Intestinal Behgets Disease

Behcet's disease is a systemic inflammatory disease of unknown etiology with primary symptoms of recurrent oral aphtha, skin symptoms, eye symptoms, and vulval ulcers. The disease, accompanied by intestinal lesions, is called intestinal Behcet's disease. Common intestinal lesions include round or oval deep ulcers in the ileocecal region. In some cases, however, ulcerative lesions are not present in the ileocecal region but are present in other regions in the small intestine; therefore, examination of the distal small intestine by double-balloon endoscopy is useful. There may be atypical lesions, such as small, shallow ulcers and aphthoid ulcers in the large intestine. Histological findings of the lesions are nonspecific chronic inflammatory changes without specific characteristics (Fig. 10.4.2).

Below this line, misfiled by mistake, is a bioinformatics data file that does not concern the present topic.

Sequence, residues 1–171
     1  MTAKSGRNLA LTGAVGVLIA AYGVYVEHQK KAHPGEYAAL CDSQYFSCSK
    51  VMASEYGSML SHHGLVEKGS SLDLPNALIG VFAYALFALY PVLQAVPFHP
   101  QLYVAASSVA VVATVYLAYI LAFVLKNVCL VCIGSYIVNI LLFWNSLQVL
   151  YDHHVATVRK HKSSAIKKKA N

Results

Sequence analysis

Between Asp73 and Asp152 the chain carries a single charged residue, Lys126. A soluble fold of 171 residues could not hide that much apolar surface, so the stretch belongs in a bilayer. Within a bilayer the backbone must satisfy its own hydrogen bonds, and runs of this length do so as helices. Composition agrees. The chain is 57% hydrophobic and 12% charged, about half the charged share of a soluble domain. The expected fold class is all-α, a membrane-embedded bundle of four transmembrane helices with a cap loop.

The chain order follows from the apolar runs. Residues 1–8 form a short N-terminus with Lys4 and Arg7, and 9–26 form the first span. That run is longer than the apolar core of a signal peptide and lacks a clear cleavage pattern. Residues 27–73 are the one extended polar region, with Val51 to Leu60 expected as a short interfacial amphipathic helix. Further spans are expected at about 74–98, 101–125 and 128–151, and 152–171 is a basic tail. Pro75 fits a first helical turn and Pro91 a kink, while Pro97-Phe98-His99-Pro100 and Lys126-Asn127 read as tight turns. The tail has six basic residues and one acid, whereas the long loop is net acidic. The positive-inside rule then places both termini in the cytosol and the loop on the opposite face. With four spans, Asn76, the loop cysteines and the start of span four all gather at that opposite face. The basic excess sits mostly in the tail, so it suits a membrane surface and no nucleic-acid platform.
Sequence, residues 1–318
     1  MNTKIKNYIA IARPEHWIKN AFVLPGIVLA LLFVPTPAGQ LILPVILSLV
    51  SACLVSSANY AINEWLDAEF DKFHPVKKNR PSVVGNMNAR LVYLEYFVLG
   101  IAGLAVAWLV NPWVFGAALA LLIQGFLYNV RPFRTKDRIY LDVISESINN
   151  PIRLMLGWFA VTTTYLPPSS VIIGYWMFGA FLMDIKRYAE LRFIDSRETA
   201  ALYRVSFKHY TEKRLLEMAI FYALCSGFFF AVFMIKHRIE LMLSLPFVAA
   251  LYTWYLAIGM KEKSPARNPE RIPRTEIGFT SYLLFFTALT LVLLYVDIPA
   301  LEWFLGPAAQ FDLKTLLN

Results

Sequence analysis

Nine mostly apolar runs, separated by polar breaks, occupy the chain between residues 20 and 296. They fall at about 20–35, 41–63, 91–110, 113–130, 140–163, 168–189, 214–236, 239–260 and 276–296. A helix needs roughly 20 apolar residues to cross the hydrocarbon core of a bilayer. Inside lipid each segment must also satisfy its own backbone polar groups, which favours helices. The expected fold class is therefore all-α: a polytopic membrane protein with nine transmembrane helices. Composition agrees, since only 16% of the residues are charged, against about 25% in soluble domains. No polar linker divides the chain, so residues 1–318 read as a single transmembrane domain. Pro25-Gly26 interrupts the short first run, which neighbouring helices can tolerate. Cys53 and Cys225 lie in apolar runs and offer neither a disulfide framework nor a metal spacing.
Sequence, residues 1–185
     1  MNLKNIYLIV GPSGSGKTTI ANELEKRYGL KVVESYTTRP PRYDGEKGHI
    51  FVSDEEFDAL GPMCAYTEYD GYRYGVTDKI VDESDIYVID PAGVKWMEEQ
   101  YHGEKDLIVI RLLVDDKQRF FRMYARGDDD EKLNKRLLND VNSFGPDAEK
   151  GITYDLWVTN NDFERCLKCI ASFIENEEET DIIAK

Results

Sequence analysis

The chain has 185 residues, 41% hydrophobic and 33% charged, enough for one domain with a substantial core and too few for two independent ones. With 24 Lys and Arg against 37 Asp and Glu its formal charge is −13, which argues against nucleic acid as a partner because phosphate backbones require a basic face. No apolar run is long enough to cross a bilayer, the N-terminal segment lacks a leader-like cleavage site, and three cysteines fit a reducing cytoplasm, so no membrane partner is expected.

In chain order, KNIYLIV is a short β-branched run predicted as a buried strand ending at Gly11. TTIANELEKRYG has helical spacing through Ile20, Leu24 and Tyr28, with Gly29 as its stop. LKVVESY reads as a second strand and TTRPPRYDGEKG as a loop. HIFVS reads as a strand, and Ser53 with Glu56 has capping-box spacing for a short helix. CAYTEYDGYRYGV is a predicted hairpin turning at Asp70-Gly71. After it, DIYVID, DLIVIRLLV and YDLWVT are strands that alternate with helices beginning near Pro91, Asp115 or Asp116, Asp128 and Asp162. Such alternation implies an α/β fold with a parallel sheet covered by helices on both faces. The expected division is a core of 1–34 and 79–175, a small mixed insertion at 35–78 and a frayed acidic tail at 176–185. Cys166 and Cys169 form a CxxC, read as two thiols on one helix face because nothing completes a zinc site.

Ulcerative Lesion and Surrounding Villi

Swollen or edematous villi are often found around ulcerative lesions in the small intestine. When the double-balloon endoscope is used to observe the small intestine, attention should be given to villous abnormalities in the field of view to locate ulcerative lesions. These appear to be a consequence of the influence of inflammation of localized lesions on the surrounding villi.

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